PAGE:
Turn up at London Labour’s new headquarters on a Monday night, and you will find a room filled with young members from right across the city, and the party spectrum. It is only a six or seven minute walk from parliament, but the atmosphere could not be any more different. Young Labour members are turning up in the hoards to campaign for Sadiq Khan.
Last week I was elected chair of London Young Labour, and its 13,000 members, with 64.9 per cent of the vote. I had not opted for Corbyn in the leadership election, so it came as a surprise to some who believed Labour was fundamentally changed. In truth our party is as broad a church as it has ever been.
Many young people joined Labour in 2015 inspired by Jeremy Corbyn’s style of politics – but now they are in they want to see us deliver the change.
Nowhere is that more apparent than in the capital. The feeling among London members is one of real unity – there is the chance we can win a major election. We have a candidate who is considerably more visionary than the sitting mayor, and who is fighting on the ground most Londoners consider relevant: transport costs, housing and the economy.
We will not win if we spend these precious months before the election talking to ourselves, though. We need to remember – when we’re so close to actual power, as we are right now – why we want it.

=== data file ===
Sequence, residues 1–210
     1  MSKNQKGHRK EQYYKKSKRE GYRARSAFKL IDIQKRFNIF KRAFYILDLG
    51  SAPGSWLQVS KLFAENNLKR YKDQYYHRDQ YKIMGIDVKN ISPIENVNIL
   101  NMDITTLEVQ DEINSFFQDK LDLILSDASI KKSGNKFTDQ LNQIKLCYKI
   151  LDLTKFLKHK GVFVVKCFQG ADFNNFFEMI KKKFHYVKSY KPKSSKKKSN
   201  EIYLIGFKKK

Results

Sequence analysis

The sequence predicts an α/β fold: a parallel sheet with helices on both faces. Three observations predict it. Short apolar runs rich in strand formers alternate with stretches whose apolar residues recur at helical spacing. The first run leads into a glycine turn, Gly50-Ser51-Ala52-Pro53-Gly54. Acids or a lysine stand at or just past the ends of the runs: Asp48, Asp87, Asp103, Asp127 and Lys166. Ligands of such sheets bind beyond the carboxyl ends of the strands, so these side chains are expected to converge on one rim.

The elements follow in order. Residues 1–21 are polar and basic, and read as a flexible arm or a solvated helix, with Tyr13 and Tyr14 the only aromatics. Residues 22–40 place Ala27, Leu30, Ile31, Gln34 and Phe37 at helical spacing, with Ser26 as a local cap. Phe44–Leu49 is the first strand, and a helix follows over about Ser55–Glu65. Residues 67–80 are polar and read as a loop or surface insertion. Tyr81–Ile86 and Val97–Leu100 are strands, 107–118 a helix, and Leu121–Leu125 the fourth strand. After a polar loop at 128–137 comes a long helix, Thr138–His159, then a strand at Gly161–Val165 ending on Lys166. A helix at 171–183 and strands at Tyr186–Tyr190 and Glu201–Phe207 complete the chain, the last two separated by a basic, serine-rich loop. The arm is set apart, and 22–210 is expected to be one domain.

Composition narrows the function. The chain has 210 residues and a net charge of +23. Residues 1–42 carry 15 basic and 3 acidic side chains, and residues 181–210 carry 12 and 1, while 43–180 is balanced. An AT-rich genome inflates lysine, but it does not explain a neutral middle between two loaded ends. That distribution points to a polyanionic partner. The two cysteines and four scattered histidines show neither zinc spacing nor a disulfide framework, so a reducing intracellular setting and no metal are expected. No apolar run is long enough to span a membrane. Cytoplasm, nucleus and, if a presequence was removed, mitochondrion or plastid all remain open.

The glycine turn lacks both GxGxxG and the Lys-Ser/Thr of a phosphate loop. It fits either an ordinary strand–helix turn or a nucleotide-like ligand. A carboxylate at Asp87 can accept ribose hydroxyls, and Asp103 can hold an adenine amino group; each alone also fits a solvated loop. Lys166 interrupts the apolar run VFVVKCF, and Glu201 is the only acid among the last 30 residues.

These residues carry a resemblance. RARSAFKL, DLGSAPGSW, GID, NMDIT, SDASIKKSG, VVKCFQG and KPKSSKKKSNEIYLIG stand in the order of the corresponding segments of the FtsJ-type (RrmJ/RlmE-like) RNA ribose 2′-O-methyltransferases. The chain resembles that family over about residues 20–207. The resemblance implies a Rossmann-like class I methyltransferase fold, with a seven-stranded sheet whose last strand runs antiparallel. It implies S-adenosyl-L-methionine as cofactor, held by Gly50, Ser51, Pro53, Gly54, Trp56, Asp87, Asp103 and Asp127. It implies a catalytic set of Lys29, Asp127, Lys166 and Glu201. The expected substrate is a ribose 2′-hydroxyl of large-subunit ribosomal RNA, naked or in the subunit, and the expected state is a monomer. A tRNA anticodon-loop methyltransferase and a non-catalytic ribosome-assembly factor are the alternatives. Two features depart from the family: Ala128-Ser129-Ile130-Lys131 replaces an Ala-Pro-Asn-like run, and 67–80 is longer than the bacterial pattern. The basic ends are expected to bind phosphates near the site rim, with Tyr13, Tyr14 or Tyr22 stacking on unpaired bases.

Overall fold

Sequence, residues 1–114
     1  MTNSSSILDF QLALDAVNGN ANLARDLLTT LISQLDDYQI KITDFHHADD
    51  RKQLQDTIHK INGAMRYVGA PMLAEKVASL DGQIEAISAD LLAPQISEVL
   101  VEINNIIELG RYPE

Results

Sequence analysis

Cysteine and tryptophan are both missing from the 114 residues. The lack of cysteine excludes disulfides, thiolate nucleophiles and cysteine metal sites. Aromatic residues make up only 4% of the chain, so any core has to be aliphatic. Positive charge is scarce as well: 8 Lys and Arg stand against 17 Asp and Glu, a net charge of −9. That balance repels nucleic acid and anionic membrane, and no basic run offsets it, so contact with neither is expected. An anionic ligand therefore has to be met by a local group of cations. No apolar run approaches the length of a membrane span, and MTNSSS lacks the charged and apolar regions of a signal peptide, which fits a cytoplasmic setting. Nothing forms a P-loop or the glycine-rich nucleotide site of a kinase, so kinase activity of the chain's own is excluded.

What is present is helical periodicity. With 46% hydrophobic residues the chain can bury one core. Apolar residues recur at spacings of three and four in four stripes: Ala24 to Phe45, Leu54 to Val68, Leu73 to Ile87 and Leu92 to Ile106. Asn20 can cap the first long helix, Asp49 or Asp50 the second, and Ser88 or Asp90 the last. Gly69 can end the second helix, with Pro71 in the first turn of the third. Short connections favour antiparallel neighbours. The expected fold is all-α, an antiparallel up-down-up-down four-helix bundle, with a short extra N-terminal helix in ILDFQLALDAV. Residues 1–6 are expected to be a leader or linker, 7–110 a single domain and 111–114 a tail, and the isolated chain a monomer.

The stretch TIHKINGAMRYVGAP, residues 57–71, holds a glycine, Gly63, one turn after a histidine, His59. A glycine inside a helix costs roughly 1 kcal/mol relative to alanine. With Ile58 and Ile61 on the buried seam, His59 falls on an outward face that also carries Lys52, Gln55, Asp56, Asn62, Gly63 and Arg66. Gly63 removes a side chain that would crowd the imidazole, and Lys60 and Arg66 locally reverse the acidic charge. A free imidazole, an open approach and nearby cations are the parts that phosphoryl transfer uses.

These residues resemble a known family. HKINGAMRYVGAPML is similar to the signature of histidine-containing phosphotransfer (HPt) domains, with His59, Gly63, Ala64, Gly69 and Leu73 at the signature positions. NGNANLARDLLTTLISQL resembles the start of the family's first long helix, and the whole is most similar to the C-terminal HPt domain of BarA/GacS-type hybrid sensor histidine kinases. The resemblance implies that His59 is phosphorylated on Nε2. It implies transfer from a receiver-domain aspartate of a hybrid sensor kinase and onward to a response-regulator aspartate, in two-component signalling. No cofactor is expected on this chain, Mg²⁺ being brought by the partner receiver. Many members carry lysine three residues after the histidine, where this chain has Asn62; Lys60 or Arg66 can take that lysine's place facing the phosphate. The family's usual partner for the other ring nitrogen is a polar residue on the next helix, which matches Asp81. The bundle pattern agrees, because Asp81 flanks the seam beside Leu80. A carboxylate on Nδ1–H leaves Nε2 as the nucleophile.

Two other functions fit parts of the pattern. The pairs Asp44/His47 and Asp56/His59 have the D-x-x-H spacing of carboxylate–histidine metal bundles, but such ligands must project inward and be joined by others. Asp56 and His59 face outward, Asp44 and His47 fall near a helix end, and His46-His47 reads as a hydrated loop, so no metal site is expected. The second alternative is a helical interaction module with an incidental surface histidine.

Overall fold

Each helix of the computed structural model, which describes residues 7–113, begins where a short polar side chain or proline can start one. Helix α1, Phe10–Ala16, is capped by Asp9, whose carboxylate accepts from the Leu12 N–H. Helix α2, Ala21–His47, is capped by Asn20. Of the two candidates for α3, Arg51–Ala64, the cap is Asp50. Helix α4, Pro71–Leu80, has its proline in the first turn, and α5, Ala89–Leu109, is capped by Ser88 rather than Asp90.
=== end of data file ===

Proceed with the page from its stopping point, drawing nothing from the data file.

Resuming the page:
More than 750 Londoners will spend tonight on the streets. In cities as large as ours, we can slip into seeing homelessness as just part of the metropolitan furniture. But six years ago, before the eve of Cameron’s premiership, there were fewer than half the number of men and women on our streets. Labour made a difference.
The cost of a single bus ride has more than doubled since Labour lost City Hall. The transport most necessary for the lowest paid to get to work and contribute to London’s economy has risen faster than almost any other. If we gain power, then Sadiq Khan can change those people’s lives by introducing an hourly bus ticket usable across multiple buses.
London has for decades been one of the world’s great hubs for creativity. Last week’s news was dominated by the death of one of our own, David Bowie, a Brixton boy himself. However, the next David Bowie will not be a Londoner. You need at least £600 a month to take a room in Brixton these days – hardly affordable for a start out creative. It is why we need Sadiq’s plan to build on Transport for London land and build more affordable housing.
Rents and transport costs are crippling, and it is no accident. London is no place to be young and free. After eight years of Tory grip on City Hall the big money developers have got all the investment opportunities they could dream of, at the expense of opportunities for young people in London.
That’s why Sadiq Khan’s campaign sessions are full with young Londoners. There is not the time to argue over parliamentary egos while your rent is rising and the tube is almost unaffordable. The thousands of people who have joined Young Labour in recent months have done so because they want to change the status quo. So let’s quit the family rows for once. We’ve got a Labour mayor to elect.
Progressive centre-ground Labour politics does not come for free.
Our work depends on you.